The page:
The intent of the Dietary Guidelines is to summarize and synthesize knowledge about individual nutrients and food components into an interrelated set of recommendations for healthy eating that can be adopted by the public. Taken together, the Dietary Guidelines recommendations encompass two over-arching concepts:
- Maintain calorie balance over time to achieve and sustain a healthy weight. People who are most successful at achieving and maintaining a healthy weight do so through continued attention to consuming only enough calories from foods and beverages to meet their needs and by being physically active. To curb the obesity epidemic and improve their health, many Americans must decrease the calories they consume and increase the calories they expend through physical activity.
- Focus on consuming nutrient-dense foods and beverages. Americans currently consume too much sodium and too many calories from solid fats, added sugars, and refined grains.2 These replace nutrient-dense foods and beverages and make it difficult for people to achieve recommended nutrient intake while controlling calorie and sodium intake. A healthy eating pattern limits intake of sodium, solid fats, added sugars, and refined grains and emphasizes nutrient-dense foods and beverages—vegetables, fruits, whole grains, fat-free or low-fat milk and milk products,3 seafood, lean meats and poultry, eggs, beans and peas, and nuts and seeds.
A basic premise of the Dietary Guidelines is that nutrient needs should be met primarily through consuming foods. In certain cases, fortified foods and dietary supplements may be useful in providing one or more nutrients that otherwise might be consumed in less than recommended amounts. Two eating patterns that embody the Dietary Guidelines are the USDA Food Patterns and their vegetarian adaptations and the DASH (Dietary Approaches to Stop Hypertension) Eating Plan.
A healthy eating pattern needs not only to promote health and help to decrease the risk of chronic diseases, but it also should prevent foodborne illness. Four basic food safety principles (Clean, Separate, Cook, and Chill) work together to reduce the risk of foodborne illnesses. In addition, some foods (such as milks, cheeses, and juices that have not been pasteurized, and undercooked animal foods) pose high risk for foodborne illness and should be avoided.
The information in the Dietary Guidelines for Americans is used in developing educational materials and aiding policymakers in designing and carrying out nutrition-related programs, including Federal food, nutrition education, and information programs. In addition, the Dietary Guidelines for Americans has the potential to offer authoritative statements as provided for in the Food and Drug Administration Modernization Act (FDAMA).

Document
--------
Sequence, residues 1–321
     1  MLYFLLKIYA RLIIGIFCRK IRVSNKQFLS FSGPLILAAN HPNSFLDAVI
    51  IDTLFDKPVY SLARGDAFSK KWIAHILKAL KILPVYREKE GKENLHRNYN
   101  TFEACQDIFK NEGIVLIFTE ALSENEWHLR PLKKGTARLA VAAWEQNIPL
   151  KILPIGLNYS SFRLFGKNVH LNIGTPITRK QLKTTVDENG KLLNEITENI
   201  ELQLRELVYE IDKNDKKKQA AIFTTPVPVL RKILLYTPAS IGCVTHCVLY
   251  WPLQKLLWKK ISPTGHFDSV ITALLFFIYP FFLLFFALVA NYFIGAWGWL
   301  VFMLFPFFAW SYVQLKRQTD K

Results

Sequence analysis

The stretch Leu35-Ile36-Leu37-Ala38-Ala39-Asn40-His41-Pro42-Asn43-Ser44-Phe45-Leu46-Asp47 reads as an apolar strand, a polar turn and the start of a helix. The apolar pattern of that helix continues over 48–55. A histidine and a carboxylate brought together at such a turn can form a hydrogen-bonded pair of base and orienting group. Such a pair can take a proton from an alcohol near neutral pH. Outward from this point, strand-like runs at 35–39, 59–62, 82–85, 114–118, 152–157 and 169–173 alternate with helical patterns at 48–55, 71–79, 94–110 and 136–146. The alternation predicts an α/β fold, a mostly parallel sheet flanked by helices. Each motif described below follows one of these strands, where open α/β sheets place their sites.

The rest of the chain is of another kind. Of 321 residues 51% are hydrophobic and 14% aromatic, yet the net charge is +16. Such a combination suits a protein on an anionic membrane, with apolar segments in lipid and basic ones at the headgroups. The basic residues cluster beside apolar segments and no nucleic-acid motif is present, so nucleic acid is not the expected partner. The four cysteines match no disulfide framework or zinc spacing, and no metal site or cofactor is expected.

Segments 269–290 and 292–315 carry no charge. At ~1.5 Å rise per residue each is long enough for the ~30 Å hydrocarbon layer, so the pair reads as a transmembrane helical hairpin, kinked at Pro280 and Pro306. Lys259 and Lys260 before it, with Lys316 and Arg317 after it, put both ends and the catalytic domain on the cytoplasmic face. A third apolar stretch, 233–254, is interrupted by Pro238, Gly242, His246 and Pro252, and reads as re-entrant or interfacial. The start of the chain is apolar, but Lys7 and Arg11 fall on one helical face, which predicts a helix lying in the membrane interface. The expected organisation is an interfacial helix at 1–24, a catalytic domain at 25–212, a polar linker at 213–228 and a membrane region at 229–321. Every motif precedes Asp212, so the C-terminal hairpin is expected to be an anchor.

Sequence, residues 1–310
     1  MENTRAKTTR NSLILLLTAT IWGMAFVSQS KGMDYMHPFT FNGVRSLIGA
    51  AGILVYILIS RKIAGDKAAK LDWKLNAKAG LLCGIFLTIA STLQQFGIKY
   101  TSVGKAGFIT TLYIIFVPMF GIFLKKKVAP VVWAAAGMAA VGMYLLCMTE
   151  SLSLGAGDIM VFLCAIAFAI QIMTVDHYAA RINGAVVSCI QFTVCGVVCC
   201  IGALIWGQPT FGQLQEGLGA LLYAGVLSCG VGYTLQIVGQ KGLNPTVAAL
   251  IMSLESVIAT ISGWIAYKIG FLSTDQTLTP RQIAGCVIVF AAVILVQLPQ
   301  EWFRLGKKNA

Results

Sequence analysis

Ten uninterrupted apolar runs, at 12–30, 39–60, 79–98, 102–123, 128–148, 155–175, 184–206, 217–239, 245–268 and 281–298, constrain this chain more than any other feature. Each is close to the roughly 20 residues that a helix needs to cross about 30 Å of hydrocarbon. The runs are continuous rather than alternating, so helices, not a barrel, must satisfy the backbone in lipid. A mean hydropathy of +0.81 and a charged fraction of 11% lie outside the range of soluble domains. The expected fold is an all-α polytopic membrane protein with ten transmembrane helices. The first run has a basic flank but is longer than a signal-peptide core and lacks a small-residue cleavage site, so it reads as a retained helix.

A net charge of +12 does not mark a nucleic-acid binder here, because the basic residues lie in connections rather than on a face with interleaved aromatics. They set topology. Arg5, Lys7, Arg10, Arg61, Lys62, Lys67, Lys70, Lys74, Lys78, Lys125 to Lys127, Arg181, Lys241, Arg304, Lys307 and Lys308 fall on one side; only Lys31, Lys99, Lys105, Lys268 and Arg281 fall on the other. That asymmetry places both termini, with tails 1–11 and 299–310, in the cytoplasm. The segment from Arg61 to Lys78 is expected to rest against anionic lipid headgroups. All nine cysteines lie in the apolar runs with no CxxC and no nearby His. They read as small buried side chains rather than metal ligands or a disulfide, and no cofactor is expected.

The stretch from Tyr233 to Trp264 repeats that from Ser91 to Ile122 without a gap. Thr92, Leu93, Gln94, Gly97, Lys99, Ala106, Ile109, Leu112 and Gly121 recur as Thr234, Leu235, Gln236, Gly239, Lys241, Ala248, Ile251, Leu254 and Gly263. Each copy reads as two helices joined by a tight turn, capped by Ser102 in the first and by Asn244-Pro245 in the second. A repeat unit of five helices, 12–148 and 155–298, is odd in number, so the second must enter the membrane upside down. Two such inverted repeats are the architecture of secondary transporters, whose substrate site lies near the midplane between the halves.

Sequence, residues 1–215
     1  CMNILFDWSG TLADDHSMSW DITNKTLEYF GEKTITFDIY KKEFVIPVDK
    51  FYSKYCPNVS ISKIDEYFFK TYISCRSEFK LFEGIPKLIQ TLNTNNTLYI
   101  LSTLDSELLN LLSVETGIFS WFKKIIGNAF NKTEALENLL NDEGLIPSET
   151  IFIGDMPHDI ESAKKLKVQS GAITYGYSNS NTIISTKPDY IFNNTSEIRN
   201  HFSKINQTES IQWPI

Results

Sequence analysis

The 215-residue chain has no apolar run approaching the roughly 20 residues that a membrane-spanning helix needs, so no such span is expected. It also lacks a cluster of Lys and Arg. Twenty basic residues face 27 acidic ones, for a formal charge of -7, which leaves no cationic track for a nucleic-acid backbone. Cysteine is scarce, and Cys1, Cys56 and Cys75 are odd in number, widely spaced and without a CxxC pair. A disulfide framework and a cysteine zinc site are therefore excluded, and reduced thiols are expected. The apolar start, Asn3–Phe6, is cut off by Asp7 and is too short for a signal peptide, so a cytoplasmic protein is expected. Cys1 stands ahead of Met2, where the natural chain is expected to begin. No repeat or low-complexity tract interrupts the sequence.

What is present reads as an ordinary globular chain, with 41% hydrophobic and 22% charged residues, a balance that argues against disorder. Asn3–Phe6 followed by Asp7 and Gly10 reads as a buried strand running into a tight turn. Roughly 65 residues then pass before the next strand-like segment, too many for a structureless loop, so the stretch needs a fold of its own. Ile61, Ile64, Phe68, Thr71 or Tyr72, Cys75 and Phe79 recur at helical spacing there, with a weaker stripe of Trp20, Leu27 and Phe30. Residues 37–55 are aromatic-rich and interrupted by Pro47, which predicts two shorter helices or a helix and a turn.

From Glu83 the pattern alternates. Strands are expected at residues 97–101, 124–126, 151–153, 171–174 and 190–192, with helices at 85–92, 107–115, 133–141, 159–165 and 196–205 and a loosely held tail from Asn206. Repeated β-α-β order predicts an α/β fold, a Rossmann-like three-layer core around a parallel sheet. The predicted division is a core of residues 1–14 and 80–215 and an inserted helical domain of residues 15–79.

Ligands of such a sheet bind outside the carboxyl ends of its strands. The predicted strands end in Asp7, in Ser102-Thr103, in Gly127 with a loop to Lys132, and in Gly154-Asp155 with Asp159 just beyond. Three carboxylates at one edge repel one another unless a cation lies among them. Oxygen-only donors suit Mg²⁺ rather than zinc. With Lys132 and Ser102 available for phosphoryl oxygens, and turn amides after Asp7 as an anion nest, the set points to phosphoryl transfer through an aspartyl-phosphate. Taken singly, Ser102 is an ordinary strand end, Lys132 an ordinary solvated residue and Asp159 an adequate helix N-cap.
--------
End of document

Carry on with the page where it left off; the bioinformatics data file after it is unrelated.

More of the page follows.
The following are the Dietary Guidelines for Americans, 2010 Key Recommendations, listed by the chapter in which they are discussed in detail. These Key Recommendations are the most important in terms of their implications for improving public health.4 To get the full benefit, individuals should carry out the Dietary Guidelines recommendations in their entirety as part of an overall healthy eating pattern.
Balancing calories to Manage weight
- Prevent and/or reduce overweight and obesity through improved eating and physical activity behaviors.
- Control total calorie intake to manage body weight. For people who are overweight or obese, this will mean consuming fewer calories from foods and beverages.
- Increase physical activity and reduce time spent in sedentary behaviors.
- Maintain appropriate calorie balance during each stage of life—childhood, adolescence, adulthood, pregnancy and breastfeeding, and older age.
Foods and food components to reduce
- Reduce daily sodium intake to less than 2,300 milligrams (mg) and further reduce intake to 1,500 mg among persons who are 51 and older and those of any age who are African American or have hypertension, diabetes, or chronic kidney disease. The 1,500 mg recommendation applies to about half of the U.S. population, including children, and the majority of adults.
- Consume less than 10 percent of calories from saturated fatty acids by replacing them with monounsaturated and polyunsaturated fatty acids.
- Consume less than 300 mg per day of dietary cholesterol.
- Keep trans fatty acid consumption as low as possible by limiting foods that contain synthetic sources of trans fats, such as partially hydrogenated oils, and by limiting other solid fats.